“The standards that would be established as part of this work could really position Portland as a global leader in this space,” Newberry says. The idea of the federal grant process, pushed by the Obama administration, was to bring a lot of players to the table to create a common language.

“The cities will start to come together and say: Here are some emerging standards. Private companies will then follow the needs of the cities,” Newberry says.

There are several possible ways the standards could still go in this country, but FIWARE seems to be leading the pack so far.

“FIWARE has already received considerable investment in Europe and has the advantage of not being tied to a particular company that may be more interested in sales than service,” Jonathan Fink, vice president for research and strategy at Portland State University, says in an email. “Having Portland as the first U.S. city to implement FIWARE gives us some first-mover advantages in the highly competitive world of integrating big data with urban services.”

With the new FIWARE lab, Portland has also bolstered its position in the federal grant process called the Smart Cities Challenge. The U.S. Department of Transportation has put up $40 million with billionaire Paul Allen of Microsoft fame offering another $10 million. The city is one of seven finalists, with the final round of plans due May 24.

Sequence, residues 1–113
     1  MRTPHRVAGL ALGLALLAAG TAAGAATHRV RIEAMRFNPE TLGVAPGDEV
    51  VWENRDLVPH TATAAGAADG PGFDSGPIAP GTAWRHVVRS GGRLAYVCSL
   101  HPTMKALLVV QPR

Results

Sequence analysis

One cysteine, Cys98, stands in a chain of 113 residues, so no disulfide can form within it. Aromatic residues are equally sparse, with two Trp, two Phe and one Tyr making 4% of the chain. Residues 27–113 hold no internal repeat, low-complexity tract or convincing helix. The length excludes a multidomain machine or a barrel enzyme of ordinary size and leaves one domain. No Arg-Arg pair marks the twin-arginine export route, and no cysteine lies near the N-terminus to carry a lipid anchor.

John Brady, spokesman for the Portland Bureau of Transportation, says even if the city doesn’t win, the process of bringing together stakeholders for its grant proposal has already catalyzed change.

“It’s fantastic in that respect,” Brady says. “The hope is, win or lose, we’re really laying the foundation for future collaboration.”

If they do win the $50 million jackpot, PBOT’s proposal is to build a “personal mobility platform” currently called UB Mobile PDX. The idea is to take all the different forms of transportation currently available in Portland and mash them into a single app that will calculate the best way to get from point A to point B, whether that’s through TriMet, Uber, Lyft, driving, walking or biking.

The way to integrate all of that in a common network would be through Portland’s FIWARE.

Surveillance state?

But as with any new technology, the potential for unintended consequences also exists. Critics of FIWARE say the technology could lead to a powerful government surveillance system and omnipresent law enforcement.

Pinfold, who is leading the new PSU lab, says the safeguard against that is to simply keep a priority focus on what the people of Portland want and what they don’t.

“It’s a matter of getting it right, and getting it right means we have to do what the people in Portland want us to do,” he says, noting that technologists often don’t understand cities in the way that city planners do — that they are a series of communities and neighborhoods. Solutions have to be unique because neighborhoods are.

“We think the (FIWARE-based) services need to be available really at a community level,” Pinfold says.

He says the new PSU lab also will include a “decision theater” that will help developers play with the data and see what’s possible.

“When we talk about changing Portland,” he says, “it’s really about enhancing the things we love about Portland.”

Shasta Kearns Moore